The Constitutional Court decided on a request of the Court of Audit for a review of the constitutionality of the provision of the Higher Education Act that regulates the legal status of universities and their members. The main allegation of the applicant was that the challenged provision is inconsistent with the principle of the clarity and substantive precision of legal regulations because it does not clearly determine whether the members of a university are independent legal entities, which in practice causes problems in a number of fields.

The Constitutional Court reviewed the challenged provision from the viewpoint of conformity with the requirement of the clarity and precision of regulations, which is one of the principles of a state governed by the rule of law determined by Article 2 of the Constitution. The principle of the clarity and precision of regulations requires, inter alia, that norms be defined clearly and precisely so that they can be implemented, so that they do not allow arbitrary actions, and so that they unambiguously and with sufficient precision determine the legal situation of the entities to which they refer.

The first paragraph of Article 58 of the Constitution determines that universities and state institutions of higher education shall be autonomous. The right to autonomy entails the right to decide on an entity’s own matters, i.e. on the matters that pertain to a university field and concern a university or an institution of higher education. Regardless of the fact that the first paragraph of Article 58 of the Constitution does not determine that the legislature must prescribe by law the manner of implementation of this constitutional right, it follows from the constitutional case law that state universities and institutions of higher education cannot exercise their right to autonomy directly on the basis of the Constitution. In fact, this provision of the Constitution binds the state to determine the border between what is completely autonomous and what is public, and to regulate higher education such that it determines the fundamental frameworks for the functioning of state universities and institutions of higher education concerning their status, personnel management, management, and finances, and to regulate the fundamental relations between the entities within universities and the position of the public in the management of universities and in the supervision of their functioning. In doing so, the state must not limit the autonomy of state universities or institutions of higher education as regards their scientific and pedagogical component.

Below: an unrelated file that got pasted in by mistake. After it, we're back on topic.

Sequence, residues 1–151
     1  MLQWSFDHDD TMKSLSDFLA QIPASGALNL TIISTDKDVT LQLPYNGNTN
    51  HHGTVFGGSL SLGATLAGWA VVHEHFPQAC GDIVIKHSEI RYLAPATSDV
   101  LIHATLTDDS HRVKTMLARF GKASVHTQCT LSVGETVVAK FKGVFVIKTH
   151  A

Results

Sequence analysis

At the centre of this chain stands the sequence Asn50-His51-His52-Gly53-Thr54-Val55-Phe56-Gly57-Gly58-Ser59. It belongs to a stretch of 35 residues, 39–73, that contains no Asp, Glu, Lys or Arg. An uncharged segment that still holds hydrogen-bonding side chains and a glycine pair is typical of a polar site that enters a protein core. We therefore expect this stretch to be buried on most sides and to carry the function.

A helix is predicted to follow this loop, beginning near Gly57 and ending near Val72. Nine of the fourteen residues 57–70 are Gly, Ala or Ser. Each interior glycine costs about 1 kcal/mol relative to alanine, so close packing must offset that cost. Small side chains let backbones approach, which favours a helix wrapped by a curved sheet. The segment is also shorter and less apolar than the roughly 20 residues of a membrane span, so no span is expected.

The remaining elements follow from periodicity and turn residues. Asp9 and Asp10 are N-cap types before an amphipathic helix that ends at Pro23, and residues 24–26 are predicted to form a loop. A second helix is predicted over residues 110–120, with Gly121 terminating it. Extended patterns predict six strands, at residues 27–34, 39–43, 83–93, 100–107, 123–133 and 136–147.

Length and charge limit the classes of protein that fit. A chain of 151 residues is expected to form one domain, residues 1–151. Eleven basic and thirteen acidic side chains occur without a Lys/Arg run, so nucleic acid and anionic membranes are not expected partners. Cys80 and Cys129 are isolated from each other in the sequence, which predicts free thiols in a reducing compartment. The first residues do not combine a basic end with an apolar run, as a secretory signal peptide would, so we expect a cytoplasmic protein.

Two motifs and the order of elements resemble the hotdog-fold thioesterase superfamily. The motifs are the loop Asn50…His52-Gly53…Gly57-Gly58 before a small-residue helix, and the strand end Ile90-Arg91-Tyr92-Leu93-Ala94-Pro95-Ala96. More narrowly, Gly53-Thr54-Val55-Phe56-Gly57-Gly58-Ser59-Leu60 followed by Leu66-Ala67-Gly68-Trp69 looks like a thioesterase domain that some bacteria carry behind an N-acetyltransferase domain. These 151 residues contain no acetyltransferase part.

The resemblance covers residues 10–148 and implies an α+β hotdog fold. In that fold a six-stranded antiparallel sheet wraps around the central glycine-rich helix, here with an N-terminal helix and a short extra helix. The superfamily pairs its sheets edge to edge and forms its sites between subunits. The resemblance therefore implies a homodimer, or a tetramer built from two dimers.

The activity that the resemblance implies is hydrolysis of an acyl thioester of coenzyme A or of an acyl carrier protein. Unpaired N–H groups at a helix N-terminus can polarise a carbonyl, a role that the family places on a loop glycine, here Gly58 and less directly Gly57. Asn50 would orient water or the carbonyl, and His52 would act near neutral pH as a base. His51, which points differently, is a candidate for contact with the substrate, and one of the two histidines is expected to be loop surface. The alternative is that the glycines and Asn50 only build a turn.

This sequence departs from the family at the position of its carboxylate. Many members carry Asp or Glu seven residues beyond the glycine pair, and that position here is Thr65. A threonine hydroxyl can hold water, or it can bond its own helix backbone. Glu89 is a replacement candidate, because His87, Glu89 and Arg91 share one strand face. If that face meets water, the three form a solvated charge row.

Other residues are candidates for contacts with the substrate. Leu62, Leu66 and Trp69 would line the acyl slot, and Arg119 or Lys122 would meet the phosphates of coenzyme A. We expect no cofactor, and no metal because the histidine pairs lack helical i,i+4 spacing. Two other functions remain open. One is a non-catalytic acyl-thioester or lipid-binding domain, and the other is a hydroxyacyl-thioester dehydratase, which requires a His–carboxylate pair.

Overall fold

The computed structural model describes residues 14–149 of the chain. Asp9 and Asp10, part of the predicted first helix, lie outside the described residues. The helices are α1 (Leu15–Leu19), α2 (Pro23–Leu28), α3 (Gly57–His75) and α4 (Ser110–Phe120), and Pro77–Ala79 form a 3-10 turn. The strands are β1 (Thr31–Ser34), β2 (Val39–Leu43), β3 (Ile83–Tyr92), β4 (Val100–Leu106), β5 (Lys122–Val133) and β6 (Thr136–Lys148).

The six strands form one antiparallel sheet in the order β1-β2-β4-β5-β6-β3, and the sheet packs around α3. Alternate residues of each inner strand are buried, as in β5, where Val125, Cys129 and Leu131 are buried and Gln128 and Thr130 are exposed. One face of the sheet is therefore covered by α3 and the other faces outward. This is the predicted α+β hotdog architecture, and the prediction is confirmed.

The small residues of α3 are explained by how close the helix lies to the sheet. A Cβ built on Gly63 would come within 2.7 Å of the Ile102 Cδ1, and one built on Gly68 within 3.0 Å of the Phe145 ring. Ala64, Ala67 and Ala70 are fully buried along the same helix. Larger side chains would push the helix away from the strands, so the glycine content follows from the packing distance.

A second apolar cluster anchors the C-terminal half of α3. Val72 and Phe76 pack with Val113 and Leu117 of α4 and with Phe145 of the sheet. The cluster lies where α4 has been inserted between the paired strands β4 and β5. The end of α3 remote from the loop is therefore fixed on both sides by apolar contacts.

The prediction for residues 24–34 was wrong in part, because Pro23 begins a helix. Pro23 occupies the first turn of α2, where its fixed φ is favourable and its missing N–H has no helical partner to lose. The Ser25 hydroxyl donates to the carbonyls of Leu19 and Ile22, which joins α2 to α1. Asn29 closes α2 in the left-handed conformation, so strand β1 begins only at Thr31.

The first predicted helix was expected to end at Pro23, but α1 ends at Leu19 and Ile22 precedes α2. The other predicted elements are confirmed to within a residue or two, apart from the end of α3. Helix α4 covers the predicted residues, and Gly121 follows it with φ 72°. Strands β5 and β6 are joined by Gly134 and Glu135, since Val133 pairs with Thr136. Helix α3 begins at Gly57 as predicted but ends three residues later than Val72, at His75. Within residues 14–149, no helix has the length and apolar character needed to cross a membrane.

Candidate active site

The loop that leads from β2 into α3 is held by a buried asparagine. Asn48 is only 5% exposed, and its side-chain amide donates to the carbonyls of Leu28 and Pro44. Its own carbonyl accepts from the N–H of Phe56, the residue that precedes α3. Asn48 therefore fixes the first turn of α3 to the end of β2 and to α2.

The Constitutional Court established that the Higher Education Act clearly determines that universities are legal entities and that, within the framework of a university, faculties and artistic academies shall be established, and also higher technical schools or other institutions can be established (i.e. the members of a university). The Act introduces a distinction between two different positions of university members; namely, for exercising a national higher education programme for which the Republic of Slovenia provides funding, and for “other instances” of the functioning of university members. The Higher Education Act does not contain other provisions that would determine the status of university members more precisely and in more detail. In the assessment of the Constitutional Court, it is hence (still) not clear what the status of university members is and whether also university members are legal entities; such unclarity and substantive imprecision of the legal regulation cause in practice numerous problems (e.g. when carrying out an auditing procedure before the Court of Audit, when making entries in the register of companies, when registering, i.e. recording, ownership of property that a university member acquires from public and other sources, and when drafting and submitting balance sheets). Hence, since the challenged provision does not determine the legal status of university members in a substantively precise and unambiguous manner, such that their due conduct would be predictable, the Constitutional Court established that it is inconsistent with the principle of the clarity and substantive precision of regulations determined by Article 2 of the Constitution.